Port Elizabeth was once known as the Detroit of South Africa – we were the hub for combustion engined motor vehicle assembly in Africa.
The actions of an apartheid government led to disinvestment, then global markets and rapid transport cut into our ability to produce vehicles at a favourable price point.
Now the pressure from our Rand and demands from a maturing labour market are cutting further into our ability to deliver a quality product at an equitable price point.
Those who can remember the times when Ford and then General Motors left Port Elizabeth as the really dark days – thousands of people out of jobs, businesses closing left right and centre, the jokes about the ‘ghost on the coast’, locals telling each other ‘if you are the last to leave PE please switch off the lights and let the dolphins go’, suicides and the start of a long slide into depression and poverty.
There are many very successful businessmen still around from that era and even today their actions are tempered by memories of what those dark times of disinvestment did so you will find that they pursue a cautionary approach to any form of investment – no risks.
For years we as a city have been looking for that ‘magic bullet’ – an industry that is shared by all and will sustain us for years to come. We want excitement, our children to stay and tourists to flock to our shores.
We need an industry that will bring masses of money into our region and that will stay here to support jobs and our citizens who all deserve a shot at happiness and sharing in the excitement of being prosperous and giving.
Our best shot at that balanced, across the board industry is tourism and a major attraction to bring foreign tourists to our shores.
For years we have been arguing over what our ‘iconic international attraction’ will be. Let’s face it – Cape Town has that bloody Table Mountain which is a massive attraction that cannot be unseen and it has been pulling the punters in for hundreds of years.
Suffice to say that we already have a favourable climate, situation, wildlife, marine wildlife and population to pull the tourists in so a little help from that ONE major iconic attraction will be welcomed.
BUT, whilst we squabble over that we also need to move with the times and recognise that the days of the combustion engined motor vehicle are fast coming to a close.
The tipping point when Electric Vehicles become more cost effective than combustion engined vehicles (without the benefit of government subsidies) is literally around the corner with various ‘experts’ saying that it will happen from the end of this year to 2023.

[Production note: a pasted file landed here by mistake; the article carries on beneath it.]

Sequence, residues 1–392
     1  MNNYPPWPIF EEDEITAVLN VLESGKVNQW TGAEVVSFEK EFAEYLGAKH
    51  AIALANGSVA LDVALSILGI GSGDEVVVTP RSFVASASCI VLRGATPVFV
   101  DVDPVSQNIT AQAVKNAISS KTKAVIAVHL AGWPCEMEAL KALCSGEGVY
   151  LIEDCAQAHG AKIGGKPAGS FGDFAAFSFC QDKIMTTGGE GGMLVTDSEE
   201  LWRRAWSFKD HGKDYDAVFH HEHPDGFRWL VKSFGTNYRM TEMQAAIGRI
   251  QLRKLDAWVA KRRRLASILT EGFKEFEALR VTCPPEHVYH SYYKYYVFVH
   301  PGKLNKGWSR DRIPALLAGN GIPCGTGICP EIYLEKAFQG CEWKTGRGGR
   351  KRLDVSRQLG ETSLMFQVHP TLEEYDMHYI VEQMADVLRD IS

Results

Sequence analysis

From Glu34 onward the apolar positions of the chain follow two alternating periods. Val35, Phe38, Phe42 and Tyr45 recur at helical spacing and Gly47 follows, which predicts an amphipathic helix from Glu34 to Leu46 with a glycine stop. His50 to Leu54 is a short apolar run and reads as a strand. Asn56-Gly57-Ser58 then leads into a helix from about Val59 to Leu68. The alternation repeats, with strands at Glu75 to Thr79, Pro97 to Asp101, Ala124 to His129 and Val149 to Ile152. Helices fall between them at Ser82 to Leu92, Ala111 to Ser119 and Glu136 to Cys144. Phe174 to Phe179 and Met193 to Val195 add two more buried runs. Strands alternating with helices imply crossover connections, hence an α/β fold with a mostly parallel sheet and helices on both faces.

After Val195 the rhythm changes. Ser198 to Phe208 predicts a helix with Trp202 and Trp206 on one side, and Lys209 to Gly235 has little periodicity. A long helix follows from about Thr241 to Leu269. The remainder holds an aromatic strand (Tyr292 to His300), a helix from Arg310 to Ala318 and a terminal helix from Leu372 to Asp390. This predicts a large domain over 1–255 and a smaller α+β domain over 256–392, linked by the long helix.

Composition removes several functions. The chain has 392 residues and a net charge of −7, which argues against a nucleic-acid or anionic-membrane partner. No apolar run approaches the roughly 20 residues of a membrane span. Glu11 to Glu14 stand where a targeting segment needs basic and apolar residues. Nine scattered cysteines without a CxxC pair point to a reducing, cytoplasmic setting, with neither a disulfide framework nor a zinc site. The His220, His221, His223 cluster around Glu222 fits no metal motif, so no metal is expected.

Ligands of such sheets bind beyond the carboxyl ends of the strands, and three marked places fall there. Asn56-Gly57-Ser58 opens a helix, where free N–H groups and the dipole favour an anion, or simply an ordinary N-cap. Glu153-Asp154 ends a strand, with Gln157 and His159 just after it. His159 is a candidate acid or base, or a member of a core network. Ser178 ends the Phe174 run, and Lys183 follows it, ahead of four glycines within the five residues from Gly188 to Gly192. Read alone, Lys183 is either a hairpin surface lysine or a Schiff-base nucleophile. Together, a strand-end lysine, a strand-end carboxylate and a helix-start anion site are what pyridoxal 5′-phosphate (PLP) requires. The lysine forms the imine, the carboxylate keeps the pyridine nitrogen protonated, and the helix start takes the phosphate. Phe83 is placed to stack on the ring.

Imagine if you will that ALL of our Nelson Mandela Based automotive factories suddenly have to shut down because no-one is buying combustion engined vehicles anymore?
So that is then goodbye to Volkswagen, Isuzu, Ford Engine Plant, BAIC, FAW and all the associated industries that support them like Continental, Goodyear and all the smaller suppliers and landlords supporting them……
I will hazard a guess and say that all of the businesses involved directly in the motor manufacturing industry in Nelson Mandela Bay have around 25 000 employees. If each employee in turns supports 6 people we are looking at over 10% of our citizens being directly affected by the loss of the automotive industry.
Imagine what that would do to our local economy? It would be devastating to say the least.
So in order to avoid what happened to Detroit – not only do we have to look for that ‘magic bullet’ industry to replace our automotive industry but we have to find a way to ensure that the skills developed by employees in the automotive industry become easily transferable to a similar industry with immense growth potential.
As an ordinary, run of the mill media person I can honestly say that only ONE of our automotive industries are actually doing something locally – one in Coega. By the same token I have to call out VW, Ford, BAIC and FAW for not making their plans around electric vehicles clear.
The intervention to ensure that our citizens continue to have jobs needs to come from a higher place – our City Council needs to engage with our major employes in the automotive sector and offer assistance where necessary, demand where required and take an active interest in the future well being of our city.
The Challenge is simple:
No more crisis management from our Nelson Mandela Bay Municipality – we need action, we need answers and we need a plan on how we are gong to accommodate the coming Electric Vehicle Revolution as well as position our City as the renewable hub of Africa.
You can help the quiet revolution along by installing an EV Charging station outside your Guest House, Hotel, Coffee Shop, Restaurant, Shopping Centre or in your forecourt. Contact Straton Electrical for EV Charging Station options.
Tell MyPE your sentiments around Electric Vehicles:
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